Characterised by the burning desire to ‘collect’ – i.e. reach the summit of – every hill on a given list, hill bagging is a quintessentially British hobby, and the last adventure on my list.
I boarded a plane to meet the baggers in Northumberland with a head full of Autumn mucus, a little worried by the prospect of a weekend climbing hills in the biting north.
“Oh come on!” Gary had said to me the night before. “Going walking with a bunch of middle-aged men – how hard can it be?”
I showed him an article regaling six baggers’ recent ascent of Stac Lee, a sea stack 81 miles west of the Scottish mainland. The group are kitted out with climbing ropes, harnesses and helmets as they leap from their chartered boat onto the barnacle-covered rocks to begin their climb. This was serious stuff.
“You’ll be fine,” he said, sounding much less confident this time round.
Hill bagging terminology is a complicated issue. Most hill lists have a name, like the ‘Munros’ of Scotland, with summits of at least 3000 feet, or the 214 ‘Wainwrights’ of the Lake District.
The definition of a hill is a question addressed by Alan Dawson in his book The Relative Hills of Britain, otherwise known as ‘the hill baggers’ bible’. For Alan, a hill should be defined in relation to its surroundings – i.e. how much it drops down on all sides – known as its prominence or ‘re-ascent’. Based on this, Alan identified 1556 British hills that have at least 150 metres of prominence, dubbing them the ‘Marilyns’.
After a two-hour drive into the heart of nowhere, I turn up to meet the group – who have each ascended at least 600 Marilyns – gathered to help Rick and Jen to celebrate the ascent of their final English Marilyn.
I emerge from my shiny rental car in Cotton Trader boots and a white jacket to find the men contrastingly clad in expert walking gear, complete with poles and rucksacks.
“Erm, do you have any gaiters?” Rick asks me.
“Uh… no,” I say, “but I have wellies?” I pull my bright red Hunters from my boot.
The men laugh. I turn the colour of my boots.
I am assigned to Rob Woodall for a day’s ‘tump’ bagging (thirty metre prominence hills). I feel like I am in the presence of a celebrity; last month Rob became the first man to complete the entire set of Marilyns, a feat worthy of the national news. “What is the highest number of hills you’ve bagged in a day?” I ask him as we pull away in his blue Skoda for the days adventure.
“Well, the The Paddy Buckley Round has 47 hills, including Snowdon, so I guess that’s the most. It’s a 60-mile run over 24 hours”.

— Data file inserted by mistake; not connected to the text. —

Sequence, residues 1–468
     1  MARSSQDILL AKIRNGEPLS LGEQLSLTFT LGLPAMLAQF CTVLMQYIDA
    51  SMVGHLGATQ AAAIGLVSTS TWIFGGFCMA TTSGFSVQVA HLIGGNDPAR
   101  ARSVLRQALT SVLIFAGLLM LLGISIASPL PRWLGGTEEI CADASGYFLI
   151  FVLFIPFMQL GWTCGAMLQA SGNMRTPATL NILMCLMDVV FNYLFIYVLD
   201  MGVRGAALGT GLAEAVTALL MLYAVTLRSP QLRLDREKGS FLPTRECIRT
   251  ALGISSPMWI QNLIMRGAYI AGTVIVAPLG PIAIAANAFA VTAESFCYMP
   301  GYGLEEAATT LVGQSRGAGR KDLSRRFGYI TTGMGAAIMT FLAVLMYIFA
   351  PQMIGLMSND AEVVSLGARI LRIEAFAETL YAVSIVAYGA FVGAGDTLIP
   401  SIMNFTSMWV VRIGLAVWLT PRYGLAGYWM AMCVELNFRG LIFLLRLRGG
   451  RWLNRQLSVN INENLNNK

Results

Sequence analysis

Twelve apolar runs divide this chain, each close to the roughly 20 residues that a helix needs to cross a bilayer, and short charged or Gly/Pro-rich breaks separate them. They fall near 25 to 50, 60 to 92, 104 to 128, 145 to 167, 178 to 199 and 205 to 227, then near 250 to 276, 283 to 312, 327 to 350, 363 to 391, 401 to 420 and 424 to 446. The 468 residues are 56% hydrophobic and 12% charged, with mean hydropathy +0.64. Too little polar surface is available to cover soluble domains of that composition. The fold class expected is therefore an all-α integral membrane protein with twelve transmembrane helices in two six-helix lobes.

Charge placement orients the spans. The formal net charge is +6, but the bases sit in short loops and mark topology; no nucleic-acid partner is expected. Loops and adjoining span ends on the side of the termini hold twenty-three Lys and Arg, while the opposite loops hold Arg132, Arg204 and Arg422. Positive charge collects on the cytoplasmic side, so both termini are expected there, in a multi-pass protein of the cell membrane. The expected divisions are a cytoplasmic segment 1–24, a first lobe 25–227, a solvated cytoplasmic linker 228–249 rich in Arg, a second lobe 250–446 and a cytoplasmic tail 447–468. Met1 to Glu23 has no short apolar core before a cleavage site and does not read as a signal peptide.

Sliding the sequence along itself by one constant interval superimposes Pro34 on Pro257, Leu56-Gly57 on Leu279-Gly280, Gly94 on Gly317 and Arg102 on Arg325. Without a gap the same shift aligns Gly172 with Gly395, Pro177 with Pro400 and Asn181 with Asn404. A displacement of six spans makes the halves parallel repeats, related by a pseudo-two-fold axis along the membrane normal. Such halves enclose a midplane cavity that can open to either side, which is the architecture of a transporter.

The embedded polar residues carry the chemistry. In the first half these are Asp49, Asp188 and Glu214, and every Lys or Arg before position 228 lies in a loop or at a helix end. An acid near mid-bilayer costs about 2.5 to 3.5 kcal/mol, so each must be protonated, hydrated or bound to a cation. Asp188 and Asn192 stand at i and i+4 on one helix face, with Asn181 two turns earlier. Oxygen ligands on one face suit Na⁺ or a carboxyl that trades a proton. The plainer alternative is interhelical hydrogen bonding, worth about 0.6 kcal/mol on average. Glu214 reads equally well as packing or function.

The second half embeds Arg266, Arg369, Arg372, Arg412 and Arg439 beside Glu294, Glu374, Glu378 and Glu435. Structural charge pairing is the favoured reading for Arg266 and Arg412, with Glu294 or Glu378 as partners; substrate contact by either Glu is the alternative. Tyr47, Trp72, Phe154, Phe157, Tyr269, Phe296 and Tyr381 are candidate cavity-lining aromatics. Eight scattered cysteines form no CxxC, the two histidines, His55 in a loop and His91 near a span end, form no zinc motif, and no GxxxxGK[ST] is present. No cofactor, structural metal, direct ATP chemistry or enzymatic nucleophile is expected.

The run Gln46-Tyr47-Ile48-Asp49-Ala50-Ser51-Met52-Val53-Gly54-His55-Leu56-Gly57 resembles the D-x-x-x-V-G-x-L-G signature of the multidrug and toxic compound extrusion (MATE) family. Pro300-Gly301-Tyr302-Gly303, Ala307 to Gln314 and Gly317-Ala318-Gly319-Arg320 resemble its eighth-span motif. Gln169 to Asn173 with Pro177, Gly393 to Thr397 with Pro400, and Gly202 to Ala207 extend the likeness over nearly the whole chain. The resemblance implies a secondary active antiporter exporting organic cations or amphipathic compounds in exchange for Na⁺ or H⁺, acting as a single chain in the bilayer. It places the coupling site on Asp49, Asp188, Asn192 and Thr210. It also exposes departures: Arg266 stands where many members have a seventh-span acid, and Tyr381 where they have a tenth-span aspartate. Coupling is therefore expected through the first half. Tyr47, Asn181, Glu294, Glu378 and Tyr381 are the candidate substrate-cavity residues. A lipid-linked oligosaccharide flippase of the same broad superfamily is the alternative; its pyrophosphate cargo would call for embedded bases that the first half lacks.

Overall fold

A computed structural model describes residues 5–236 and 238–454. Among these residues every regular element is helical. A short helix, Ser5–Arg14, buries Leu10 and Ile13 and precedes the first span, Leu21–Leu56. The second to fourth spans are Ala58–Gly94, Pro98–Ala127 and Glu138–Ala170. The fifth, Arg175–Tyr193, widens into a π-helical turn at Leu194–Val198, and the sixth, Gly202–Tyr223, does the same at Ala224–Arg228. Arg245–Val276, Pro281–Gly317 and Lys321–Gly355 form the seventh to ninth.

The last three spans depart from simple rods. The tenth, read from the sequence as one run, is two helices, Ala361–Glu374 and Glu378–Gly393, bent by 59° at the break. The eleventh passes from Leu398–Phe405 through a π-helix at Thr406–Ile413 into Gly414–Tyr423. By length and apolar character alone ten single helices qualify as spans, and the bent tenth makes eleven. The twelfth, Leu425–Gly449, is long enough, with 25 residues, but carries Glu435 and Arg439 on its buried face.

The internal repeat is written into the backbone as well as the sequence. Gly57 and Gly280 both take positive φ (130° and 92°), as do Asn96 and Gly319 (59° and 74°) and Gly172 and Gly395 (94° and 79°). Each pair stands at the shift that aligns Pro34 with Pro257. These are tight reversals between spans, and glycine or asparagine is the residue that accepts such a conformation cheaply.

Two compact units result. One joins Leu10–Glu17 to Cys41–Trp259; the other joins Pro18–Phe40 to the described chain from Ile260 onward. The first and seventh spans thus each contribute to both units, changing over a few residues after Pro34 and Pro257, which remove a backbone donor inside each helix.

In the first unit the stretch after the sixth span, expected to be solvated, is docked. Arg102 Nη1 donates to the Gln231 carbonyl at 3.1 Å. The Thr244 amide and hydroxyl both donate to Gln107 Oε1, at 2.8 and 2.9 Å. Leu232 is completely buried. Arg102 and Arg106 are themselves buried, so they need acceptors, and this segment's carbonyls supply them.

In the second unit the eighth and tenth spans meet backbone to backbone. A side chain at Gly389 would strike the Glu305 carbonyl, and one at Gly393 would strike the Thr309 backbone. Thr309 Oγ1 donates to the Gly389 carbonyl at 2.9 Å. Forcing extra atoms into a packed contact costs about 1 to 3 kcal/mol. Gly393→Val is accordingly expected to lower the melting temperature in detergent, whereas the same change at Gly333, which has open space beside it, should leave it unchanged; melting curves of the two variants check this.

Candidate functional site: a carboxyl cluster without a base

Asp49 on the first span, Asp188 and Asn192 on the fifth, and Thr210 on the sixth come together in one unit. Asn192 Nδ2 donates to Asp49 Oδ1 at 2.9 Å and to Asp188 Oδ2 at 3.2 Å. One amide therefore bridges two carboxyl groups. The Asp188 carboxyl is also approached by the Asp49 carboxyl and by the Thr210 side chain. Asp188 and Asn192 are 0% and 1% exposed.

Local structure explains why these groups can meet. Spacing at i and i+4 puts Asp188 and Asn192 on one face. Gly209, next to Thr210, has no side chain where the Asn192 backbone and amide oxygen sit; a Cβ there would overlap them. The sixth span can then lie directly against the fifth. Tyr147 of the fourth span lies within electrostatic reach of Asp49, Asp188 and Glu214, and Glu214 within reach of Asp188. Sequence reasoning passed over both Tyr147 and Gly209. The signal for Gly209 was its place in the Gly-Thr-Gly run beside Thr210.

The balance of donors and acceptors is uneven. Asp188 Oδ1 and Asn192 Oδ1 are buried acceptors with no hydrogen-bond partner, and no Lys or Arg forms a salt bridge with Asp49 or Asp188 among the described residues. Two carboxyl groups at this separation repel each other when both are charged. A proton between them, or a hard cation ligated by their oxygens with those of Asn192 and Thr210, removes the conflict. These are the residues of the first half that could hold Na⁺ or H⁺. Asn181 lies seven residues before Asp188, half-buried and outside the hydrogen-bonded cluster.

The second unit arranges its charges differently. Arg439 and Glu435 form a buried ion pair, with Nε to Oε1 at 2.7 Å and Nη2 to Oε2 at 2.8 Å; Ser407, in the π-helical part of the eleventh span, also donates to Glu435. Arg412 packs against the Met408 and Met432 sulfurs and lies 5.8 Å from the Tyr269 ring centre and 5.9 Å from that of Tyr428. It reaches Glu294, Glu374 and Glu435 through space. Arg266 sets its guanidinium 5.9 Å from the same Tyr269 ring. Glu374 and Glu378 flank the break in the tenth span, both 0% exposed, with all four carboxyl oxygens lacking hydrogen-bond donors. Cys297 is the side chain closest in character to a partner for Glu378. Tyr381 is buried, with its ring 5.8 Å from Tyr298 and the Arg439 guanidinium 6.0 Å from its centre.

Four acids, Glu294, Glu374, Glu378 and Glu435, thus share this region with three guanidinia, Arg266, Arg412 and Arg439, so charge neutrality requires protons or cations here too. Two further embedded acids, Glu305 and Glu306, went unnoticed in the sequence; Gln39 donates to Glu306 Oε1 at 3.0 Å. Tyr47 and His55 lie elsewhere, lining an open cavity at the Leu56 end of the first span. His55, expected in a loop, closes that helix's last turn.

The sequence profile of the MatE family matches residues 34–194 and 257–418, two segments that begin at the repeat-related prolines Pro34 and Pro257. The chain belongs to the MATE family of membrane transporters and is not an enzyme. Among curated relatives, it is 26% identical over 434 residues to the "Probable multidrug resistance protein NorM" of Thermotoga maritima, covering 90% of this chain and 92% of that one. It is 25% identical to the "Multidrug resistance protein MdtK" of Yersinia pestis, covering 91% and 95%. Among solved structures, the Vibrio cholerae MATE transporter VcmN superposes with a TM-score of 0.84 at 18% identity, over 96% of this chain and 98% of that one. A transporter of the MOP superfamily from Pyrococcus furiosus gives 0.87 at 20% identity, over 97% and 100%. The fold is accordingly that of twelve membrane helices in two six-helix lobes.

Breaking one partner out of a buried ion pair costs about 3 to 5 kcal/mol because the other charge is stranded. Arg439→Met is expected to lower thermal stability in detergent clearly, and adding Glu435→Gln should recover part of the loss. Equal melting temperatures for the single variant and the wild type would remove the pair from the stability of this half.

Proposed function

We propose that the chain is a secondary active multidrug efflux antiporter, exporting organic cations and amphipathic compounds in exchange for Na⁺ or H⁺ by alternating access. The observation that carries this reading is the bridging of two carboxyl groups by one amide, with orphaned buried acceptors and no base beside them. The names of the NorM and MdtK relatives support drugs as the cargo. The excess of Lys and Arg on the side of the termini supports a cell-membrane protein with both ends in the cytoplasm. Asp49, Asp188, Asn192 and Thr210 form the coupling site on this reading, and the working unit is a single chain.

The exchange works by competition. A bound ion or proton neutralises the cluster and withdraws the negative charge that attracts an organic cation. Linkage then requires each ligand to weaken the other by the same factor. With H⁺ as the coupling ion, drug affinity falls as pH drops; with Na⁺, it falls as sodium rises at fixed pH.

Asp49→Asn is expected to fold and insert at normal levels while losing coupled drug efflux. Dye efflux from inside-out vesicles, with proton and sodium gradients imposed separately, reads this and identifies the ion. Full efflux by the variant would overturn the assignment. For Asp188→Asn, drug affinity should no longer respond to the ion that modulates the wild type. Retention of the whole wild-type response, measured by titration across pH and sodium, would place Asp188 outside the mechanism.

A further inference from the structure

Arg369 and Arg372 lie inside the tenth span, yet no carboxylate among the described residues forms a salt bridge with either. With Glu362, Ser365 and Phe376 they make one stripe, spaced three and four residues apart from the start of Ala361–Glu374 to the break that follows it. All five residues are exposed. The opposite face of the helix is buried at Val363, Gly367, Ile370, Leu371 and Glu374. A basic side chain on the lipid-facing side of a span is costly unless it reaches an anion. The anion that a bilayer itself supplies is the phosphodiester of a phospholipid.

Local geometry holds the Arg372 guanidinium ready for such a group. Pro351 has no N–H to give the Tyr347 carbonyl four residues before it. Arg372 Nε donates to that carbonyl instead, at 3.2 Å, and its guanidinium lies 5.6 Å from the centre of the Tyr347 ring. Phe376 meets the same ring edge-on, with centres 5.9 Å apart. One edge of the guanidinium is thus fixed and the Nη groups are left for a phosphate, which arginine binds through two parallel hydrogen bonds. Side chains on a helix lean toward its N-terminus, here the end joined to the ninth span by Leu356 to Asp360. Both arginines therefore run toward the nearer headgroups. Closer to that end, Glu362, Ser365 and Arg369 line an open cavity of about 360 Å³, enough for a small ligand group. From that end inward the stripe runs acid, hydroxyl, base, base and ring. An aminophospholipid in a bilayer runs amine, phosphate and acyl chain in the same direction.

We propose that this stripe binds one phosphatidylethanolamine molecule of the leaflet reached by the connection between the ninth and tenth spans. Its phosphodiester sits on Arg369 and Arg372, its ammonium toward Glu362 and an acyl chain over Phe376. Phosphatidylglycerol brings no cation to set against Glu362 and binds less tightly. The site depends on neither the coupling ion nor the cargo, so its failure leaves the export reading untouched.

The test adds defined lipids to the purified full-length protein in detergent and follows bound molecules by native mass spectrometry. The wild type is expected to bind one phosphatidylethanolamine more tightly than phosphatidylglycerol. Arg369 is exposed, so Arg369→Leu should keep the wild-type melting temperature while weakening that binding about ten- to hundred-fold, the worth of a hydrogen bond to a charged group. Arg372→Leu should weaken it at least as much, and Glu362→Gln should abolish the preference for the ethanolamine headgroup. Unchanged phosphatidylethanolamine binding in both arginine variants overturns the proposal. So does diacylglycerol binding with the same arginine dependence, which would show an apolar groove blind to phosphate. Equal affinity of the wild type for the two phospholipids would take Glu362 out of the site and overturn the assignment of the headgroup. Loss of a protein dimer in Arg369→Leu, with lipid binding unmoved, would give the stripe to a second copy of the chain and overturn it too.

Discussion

“You ran 60 miles over mountains?!”
He shrugs, “Yeah”.
Now a little nervous about having to climb hills with this superman, you can imagine my relief when I discover that our first hill of the day is a ‘drive-up’; getting as near to the top as possible by car, and walking the short distance to the summit. After locating the summit with the help of a map and GPS device, and taking a photo, we head back in the car for our next bag.
Seven tumps later, the crew of 22 baggers meet for dinner and a debriefing session. I talk to Alan (author of the hill baggers’ bible) as bottles of whisky are passed around.
“Some hill baggers worry that what we do is a bit sad”, he says. “But I ask them, ‘What’s the alternative? Going to the pub every night? Shopping? Watching reality TV?’ I think that’s sadder”.
With that, he plugs his laptop into the TV for a baggers’ karaoke session – a Daydream Believer cover with a backdrop photo of Stac Lee. The scrolling lyrics have been changed to pay homage to those who made the climb earlier this year.
“Climbing up Stac Lee would not frighten me. I’m a daydream believer in a summiting team,” is followed by a similar version of Fairytale of New York; “Your whinging and nagging is spoiling the bagging”.
Nursing fuzzy heads, we meet the following morning to take on the big one – Peel Fell – a Marilyn on the border with Scotland. After a short amble up a gently sloping forest path, we are forced to head off-piste through the forest for a more efficient route to the top, thrashing our way between the branches, leaping over a couple of ditches and crossing a boggy trench. Then the real climbing starts. Every time we get over a ledge I think is the top, another bump miraculously appears in the distance. I begin to question what on earth I have let myself in for.
We finally make it to the summit, and, as always, the exquisite views make the toil to get here instantly forgettable. Alan gets out his expensive surveying equipment to measure the height at the summit, while Rick and Jen ceremonially hold hands and ascend the highest point together to cheers from the group. I do the same. At the summit of my very first Marilyn. The feeling is euphoric.
Cake, more whisky and plastic cups appear ceremoniously from a backpack. We drink an entire bottle between six to stay warm on the blustery top as the rain starts to descend.
Once his surveying is complete, Alan rushes back over to the group.
“We forgot a very important toast!” he says in a mild panic. “Everyone get your cups back out”. He pulls another bottle from his backpack and fills us all up.
We raise our glasses as Alan makes his toast; “Here’s to completing the last letter of Alphabet Britain!”
I swell with pride, full to the brim with love for this gently eccentric group, for all of the people I have had the privilege to spend time with this year, and for the eclectic, unique and beautiful island I call home.